M Al-Shanawa, A Nabok, A Hashim, T Smith and S Forder
University of Basra, Iraq
Sheffield Hallam University, UK
Scientific Tracks Abstracts: J Biosens Bioelectron
Environmental pollution can be defined as any discharge of material or energy into water, land and air, that causes adverse changes to the Earth's ecological balance, or that lowers the quality of life. One of the most dangers contaminations are the heavy metals, which are commonly referred to as trace metals; many trace metals are highly toxic to humans (e.g. Hg, Pb, Cd, Ni, As, Sn) and other living organisms in the environment. There are many techniques used for detection of heavy metals, for example; AAS, ICP-MS and Chromatography. In this project, the bio-cell sensor that included the microorganisms bacteria (E. coli and D. radiodurans) was employed for detection of heavy metals, which is considered to be a cheap (cost effective), simple (easy to use), powerless (portable) and sensitive technique. Characterisation of bacteria samples were carried out using a variety of experimental techniques, i.e. optical methods including optical density measurements, UV-vis spectrophotometer, fluorescent microscopy and spectroscopy for studying light scattering in bacteria samples, and electrical methods both DC and AC are used. The results of the optical methods appeared to be completely different of bacteria response and did not correlate with the (Live/Dead) bacteria ratio, which are due to the effect of (Cd2+, Ni2+) ions on light scattering. The electrical technique was used to study the effect of heavy metals (CaCl2 and CaCl2) on bacteria. The effect of metal salt appeared to be comparable on both E. coli and D. radiodurans bacteria. AC and DC properties of electrochemical solutions that contained E. coli and D. radiodurans bacteria were studied, and the results were compared to and normalised to the results of samples not mixed with metals. Comparative figures can be used to estimate metal concentration and the effect of metal on bacteria.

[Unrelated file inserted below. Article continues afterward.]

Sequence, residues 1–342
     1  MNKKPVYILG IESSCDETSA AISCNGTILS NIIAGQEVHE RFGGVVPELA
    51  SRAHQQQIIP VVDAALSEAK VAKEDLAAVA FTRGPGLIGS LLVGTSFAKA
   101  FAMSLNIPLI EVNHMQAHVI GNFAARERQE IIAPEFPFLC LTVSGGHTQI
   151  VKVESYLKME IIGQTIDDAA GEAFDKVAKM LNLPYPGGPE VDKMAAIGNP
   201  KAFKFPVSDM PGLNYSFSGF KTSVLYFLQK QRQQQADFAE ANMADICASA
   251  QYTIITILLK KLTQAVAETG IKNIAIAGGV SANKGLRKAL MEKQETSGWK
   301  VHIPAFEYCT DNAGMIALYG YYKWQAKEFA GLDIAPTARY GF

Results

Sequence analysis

M Al-Shanawa completed his PhD in 2014 at Sheffield Hallam University (UK), under the supervision of Prof. Alexie Nabok in MERI. He published more than 7 papers and attended about 9 global conferences in UK, France, Croatia, Jordan and Iraq.
Biosensors & Bioelectronics received 1751 citations as per Google Scholar report